_Publication history_ - Original document (Authorea), DOI: 10.22541/au.149030711.19068540. - arXiv 1702.00744 (Feb. 2017) - J. Chem. Phys. special issue “Developments and Applications of Velocity Mapped Imaging Techniques”, (March 2017), DOI: 10.1063/1.4978923 - Data and analysis scripts (OSF), DOI: 10.17605/OSF.IO/RRFK3. _See also_ - AIP Press Release: _The Inner Lives of Molecules_ (April 2017) - PImMS camera website - Vallance group website - Femtolab website
Time-resolved pump-probe measurements of Xe, pumped at 133 nm and probed at 266 nm, are presented. The pump pulse prepared a long-lived hyperfine wavepacket, in the Xe 5p⁵(²P1/2∘)6s ²[1/2]₁∘ manifold (E=77185 cm −1=9.57 eV). The wavepacket was monitored via single-photon ionization, and photoelectron images measured. The images provide angle- and time-resolved data which, when obtained over a large time-window (900 ps), constitute a precision quantum beat spectroscopy measurement of the hyperfine state splittings. Additionally, analysis of the full photoelectron image stack provides a quantum beat imaging modality, in which the Fourier components of the photoelectron images correlated with specific beat components can be obtained. This may also permit the extraction of isotope-resolved photoelectron images in the frequency domain, in cases where nuclear spins (hence beat components) can be uniquely assigned to specific isotopes (as herein), and also provides phase information. The information content of both raw, and inverted, image stacks is investigated, suggesting the utility of the Fourier analysis methodology in cases where images cannot be inverted.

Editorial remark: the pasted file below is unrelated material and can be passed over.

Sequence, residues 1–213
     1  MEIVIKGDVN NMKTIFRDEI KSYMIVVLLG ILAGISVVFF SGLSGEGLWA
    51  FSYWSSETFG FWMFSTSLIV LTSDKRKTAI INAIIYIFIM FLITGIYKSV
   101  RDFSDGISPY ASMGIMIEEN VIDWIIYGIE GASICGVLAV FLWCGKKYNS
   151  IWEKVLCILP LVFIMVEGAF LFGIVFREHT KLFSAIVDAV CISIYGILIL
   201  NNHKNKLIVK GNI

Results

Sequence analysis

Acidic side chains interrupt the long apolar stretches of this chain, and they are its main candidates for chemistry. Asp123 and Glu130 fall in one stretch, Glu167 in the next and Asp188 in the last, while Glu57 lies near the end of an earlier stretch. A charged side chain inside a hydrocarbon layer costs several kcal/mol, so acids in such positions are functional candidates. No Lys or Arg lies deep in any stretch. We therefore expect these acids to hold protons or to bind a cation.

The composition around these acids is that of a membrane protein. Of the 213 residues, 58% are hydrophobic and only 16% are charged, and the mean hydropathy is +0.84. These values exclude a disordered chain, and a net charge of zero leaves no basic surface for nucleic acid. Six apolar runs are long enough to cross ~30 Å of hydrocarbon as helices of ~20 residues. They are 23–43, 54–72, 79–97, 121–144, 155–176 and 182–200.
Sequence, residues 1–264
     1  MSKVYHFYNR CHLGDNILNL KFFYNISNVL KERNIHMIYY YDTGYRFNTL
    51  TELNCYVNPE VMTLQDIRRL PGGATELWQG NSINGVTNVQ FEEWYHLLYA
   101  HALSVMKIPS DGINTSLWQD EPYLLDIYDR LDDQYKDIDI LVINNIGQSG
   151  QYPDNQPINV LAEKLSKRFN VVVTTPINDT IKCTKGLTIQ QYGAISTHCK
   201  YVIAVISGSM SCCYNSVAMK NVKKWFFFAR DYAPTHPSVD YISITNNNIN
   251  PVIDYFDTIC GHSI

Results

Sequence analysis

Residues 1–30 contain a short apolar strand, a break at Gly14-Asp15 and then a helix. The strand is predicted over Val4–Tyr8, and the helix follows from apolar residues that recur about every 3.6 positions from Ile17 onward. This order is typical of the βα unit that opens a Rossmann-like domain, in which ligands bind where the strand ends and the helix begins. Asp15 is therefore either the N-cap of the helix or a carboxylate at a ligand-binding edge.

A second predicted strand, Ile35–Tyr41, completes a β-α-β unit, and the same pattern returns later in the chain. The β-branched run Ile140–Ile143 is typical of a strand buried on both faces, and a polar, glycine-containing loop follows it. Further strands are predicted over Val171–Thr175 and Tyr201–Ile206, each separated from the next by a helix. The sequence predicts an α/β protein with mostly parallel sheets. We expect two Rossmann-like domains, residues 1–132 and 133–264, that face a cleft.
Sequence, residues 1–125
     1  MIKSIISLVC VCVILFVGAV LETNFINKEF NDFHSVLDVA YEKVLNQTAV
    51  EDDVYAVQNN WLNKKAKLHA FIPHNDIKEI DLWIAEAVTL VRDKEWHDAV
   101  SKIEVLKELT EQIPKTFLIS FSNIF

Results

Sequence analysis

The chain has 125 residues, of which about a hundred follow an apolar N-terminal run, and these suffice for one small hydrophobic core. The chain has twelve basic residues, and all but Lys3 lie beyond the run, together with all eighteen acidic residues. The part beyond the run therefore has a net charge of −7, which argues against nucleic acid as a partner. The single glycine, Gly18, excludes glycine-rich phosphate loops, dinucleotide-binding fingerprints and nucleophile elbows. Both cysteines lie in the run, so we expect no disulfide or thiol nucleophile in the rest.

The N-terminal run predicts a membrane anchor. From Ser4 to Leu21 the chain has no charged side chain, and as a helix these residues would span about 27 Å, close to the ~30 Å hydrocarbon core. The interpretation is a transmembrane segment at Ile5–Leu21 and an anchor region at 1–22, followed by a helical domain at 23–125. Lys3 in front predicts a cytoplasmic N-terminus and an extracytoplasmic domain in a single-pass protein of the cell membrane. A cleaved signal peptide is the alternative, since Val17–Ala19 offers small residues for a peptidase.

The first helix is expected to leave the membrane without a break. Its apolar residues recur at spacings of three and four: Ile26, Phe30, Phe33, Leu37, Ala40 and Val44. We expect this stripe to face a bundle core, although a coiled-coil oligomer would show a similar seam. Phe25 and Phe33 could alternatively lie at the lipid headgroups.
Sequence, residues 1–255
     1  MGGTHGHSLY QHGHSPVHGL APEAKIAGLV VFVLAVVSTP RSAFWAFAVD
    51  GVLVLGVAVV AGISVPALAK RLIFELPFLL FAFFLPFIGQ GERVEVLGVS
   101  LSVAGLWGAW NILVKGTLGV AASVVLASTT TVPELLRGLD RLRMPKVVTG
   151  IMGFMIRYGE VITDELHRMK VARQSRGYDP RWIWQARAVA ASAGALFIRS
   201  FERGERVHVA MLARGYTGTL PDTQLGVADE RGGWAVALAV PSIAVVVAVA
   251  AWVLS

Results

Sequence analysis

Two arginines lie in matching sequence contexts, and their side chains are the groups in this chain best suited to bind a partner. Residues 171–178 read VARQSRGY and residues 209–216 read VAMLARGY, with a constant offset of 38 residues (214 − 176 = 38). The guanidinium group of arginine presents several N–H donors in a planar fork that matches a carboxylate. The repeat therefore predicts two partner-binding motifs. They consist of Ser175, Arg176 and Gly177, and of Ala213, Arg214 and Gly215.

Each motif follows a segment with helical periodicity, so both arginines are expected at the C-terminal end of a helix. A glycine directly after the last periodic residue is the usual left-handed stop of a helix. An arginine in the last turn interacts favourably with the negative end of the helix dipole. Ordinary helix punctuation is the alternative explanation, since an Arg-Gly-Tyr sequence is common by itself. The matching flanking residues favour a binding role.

INTRODUCTION Measurements in the molecular frame help elucidate the fundamental physics of molecules. The physics of molecules in turn inform the nature of interaction between a number of quantum particles, important for both the understanding of larger systems and that of fundamental quantum phenomena. Measurements made in the laboratory frame from randomly oriented molecules, or a thermal mixture of numerous angular momentum states, result in a loss of information due to incoherent averaging over the orientations, or equivalently, the rotational states. Methods to overcome this either coherently drive a large number of rotational states, or select the ground rotational state from an ensemble. Either scenerio results in spatially anisotropic distribution, with the former approaching the molecular frame as the distribution of rotational states broadens. This is the preferred method in ultrafast physics, since the time resolution allows for measurements at the moment of sharpest alignment. The latter method is typically applied for precision spectroscopic measurements. Recent advances in laser cooling of di- and tr-atomic linear molecules has enabled coherent selection of the ground rotational state, allowing for precise spectroscopic measurements of dissociative molecular states.